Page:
U.S. House member gets Second Life

Representative delivers briefing in online world's new 'virtual House'

Congress entered another plane of existence Thursday as Rep. George Miller (D-Calif.) logged into the virtual world of Second Life to brief a group of invitees on the top priorities of the new majority party in Congress.

Second Life is a virtual world, privately developed and hosted by Linden Lab Inc. It's estimated to have a population of over 2 million. "Residents" converse and interact with others in the space and are able to own, develop, buy and sell real estate and "material" goods, some extraordinarily elaborate, in the world's free-market economy.

Recently, a number of non-virtual companies ranging from Dell Computers to Toyota have begun doing business in Second Life. The world's economy operates on Linden Dollars, but curency exchanges allow users to purchase Linden Dollars with real-world currencies.

The new House of Representatives location on Second Life, including the virtual House chamber, launched with Miller's question-and-answer session Thursday. It will open Friday to the public. The location will include streaming video from the "first life" House, and congressional Democrats plan to host more events there. The virtual House chamber stands next to a virtual version of the Washington Monument.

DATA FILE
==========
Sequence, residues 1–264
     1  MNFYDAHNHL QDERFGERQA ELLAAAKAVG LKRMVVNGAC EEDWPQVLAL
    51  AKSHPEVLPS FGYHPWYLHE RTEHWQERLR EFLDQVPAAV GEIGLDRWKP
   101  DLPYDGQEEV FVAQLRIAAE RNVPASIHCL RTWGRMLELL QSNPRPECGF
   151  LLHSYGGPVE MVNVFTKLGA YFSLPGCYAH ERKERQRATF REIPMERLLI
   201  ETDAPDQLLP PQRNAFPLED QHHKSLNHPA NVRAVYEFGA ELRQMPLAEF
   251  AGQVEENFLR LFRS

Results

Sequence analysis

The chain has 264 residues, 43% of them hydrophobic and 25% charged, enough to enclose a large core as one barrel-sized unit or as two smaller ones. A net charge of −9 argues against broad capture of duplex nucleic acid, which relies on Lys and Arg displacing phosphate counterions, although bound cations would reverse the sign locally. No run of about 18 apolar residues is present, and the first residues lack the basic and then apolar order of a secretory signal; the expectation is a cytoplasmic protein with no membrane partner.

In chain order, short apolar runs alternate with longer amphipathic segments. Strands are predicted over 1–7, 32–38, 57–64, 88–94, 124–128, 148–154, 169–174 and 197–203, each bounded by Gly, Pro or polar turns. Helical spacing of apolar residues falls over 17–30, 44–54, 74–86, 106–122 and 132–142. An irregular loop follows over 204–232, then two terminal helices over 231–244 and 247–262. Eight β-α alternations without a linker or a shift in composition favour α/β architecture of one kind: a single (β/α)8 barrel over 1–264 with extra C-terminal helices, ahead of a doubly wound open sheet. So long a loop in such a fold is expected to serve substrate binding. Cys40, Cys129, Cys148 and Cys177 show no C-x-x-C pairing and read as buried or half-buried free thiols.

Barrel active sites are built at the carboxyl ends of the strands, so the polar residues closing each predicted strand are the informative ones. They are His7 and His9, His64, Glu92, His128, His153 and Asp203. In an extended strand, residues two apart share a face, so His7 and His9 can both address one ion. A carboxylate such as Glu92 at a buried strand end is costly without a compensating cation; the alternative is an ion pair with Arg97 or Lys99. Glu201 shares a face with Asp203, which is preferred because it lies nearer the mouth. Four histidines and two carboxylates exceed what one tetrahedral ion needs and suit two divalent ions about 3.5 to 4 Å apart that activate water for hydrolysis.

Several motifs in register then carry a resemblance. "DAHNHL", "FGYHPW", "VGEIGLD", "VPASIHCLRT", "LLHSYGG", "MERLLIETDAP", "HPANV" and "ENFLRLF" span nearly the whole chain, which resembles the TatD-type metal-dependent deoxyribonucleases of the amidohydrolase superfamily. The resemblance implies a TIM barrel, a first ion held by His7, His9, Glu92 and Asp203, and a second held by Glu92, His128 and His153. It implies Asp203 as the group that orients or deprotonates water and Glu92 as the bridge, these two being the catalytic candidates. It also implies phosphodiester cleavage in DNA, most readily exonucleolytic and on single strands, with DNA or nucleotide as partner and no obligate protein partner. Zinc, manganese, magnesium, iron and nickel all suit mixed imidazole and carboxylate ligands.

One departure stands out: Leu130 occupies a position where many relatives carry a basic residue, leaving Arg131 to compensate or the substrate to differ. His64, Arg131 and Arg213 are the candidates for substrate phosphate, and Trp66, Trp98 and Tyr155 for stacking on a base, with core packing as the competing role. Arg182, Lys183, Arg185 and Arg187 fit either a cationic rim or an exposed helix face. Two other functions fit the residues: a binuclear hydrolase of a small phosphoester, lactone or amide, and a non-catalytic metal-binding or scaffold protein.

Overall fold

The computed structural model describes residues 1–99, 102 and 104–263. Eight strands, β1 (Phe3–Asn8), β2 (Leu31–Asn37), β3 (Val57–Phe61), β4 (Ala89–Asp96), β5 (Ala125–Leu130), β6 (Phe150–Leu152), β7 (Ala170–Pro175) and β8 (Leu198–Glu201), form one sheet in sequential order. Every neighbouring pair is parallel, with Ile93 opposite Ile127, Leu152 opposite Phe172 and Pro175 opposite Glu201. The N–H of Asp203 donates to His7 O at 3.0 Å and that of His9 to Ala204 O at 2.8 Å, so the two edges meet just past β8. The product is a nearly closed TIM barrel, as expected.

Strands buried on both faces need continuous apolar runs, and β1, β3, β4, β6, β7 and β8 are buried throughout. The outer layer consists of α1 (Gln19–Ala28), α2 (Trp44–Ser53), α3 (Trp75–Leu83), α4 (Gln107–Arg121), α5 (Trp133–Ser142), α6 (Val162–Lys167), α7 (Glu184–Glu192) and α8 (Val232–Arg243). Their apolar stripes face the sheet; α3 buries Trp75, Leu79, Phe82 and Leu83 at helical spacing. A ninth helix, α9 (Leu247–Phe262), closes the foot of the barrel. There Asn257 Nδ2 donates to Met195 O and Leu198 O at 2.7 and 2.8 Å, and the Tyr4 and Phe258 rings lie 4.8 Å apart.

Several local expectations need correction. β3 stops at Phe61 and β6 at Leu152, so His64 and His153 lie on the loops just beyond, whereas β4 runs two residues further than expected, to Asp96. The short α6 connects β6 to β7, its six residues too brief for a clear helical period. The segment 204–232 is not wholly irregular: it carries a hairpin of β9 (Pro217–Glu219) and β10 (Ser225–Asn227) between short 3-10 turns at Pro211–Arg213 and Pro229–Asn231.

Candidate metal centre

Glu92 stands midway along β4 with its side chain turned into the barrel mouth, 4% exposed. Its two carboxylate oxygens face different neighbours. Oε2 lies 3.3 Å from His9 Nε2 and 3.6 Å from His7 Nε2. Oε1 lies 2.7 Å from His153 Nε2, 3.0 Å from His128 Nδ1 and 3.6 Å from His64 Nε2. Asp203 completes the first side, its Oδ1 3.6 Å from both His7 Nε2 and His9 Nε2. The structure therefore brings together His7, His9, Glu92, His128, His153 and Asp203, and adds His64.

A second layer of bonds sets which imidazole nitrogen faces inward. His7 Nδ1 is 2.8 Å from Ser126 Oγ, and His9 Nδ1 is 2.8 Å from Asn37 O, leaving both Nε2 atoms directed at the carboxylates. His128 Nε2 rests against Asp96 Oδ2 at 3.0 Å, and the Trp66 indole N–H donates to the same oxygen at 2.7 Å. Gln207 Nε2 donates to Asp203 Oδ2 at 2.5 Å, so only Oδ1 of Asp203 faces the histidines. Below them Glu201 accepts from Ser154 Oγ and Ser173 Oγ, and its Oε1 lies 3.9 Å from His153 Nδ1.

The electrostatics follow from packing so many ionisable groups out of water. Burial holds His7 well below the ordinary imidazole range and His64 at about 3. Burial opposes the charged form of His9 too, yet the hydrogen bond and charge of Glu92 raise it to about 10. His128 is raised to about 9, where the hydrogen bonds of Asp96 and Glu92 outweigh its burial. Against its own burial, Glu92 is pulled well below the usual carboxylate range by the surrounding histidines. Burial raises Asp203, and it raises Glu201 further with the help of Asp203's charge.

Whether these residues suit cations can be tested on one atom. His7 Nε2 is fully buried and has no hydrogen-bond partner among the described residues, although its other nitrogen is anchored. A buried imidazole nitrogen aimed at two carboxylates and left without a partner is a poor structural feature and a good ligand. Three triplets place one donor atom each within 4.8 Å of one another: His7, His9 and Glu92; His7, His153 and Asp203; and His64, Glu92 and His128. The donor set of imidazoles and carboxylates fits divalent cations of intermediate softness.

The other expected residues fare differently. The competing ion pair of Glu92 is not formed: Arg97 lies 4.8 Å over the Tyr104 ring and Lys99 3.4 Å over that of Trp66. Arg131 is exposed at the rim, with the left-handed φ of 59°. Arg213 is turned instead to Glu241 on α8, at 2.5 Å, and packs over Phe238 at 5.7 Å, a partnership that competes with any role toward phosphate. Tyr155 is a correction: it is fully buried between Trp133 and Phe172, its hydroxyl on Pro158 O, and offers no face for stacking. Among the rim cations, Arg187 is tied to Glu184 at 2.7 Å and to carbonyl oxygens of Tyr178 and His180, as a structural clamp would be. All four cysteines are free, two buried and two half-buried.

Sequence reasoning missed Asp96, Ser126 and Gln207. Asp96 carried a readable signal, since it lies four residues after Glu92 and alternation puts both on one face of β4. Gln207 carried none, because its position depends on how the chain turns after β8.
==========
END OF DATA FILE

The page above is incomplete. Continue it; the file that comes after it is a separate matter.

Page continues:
Miller, whose avatar wore a gray suit and had white hair just like its real-life counterpart, talked about the House Democrats' goals during the first 100 hours of the new congressional session, including raising the minimum wage, passing new ethics rules for members of Congress and inspecting more cargo as it comes into the United States.

Miller's short question-and-answer session in Second Life didn't address many technology issues, but moderator Joanne Colan, host of the video blog Rocketboom, did ask whether the new Congress would pass Net neutrality rules, prohibiting broadband providers from slowing or blocking content from competitors.

Miller said he expected fellow Democrats to push for Net neutrality, but he called Net neutrality concessions offered last week by AT&T Inc. a "major victory." AT&T offered to give competitors' content equal priority over its network for two years in exchange for Federal Communications Commission approval of its acquisition of smaller telecom carrier BellSouth Corp.

Miller, chairman of the Democratic Policy Committee, enjoyed the Second Life appearance, and he'll recommend that other members of Congress take advantage of the virtual House to interact with the one million Second Life subscribers. "It's a very different forum for a member of Congress," he said. "It's also very exciting, because it gives us an opportunity to interact with people ... that are interested in what's taking place in the United States and the Congress."

Second Life could develop into an "important forum" for members of Congress, Miller said.

The virtual House site was created by Internet marketing firm Clear Ink, with help from Sun Microsystems Inc.

Miller is not the first politician to appear in Second Life. In August, Mark Warner, former Democratic governor of Virginia, answered questions from Second Life subscribers.

Of course, virtual life still tends to take a back seat to real life. Miller's briefing was delayed as Nancy Pelosi was sworn in as the first woman speaker of the House in real life. Live video of Pelosi's first speech played on large screens inside the Second Life House chamber, just before Miller's avatar showed up.

Copyright © 2007 IDG Communications, Inc.

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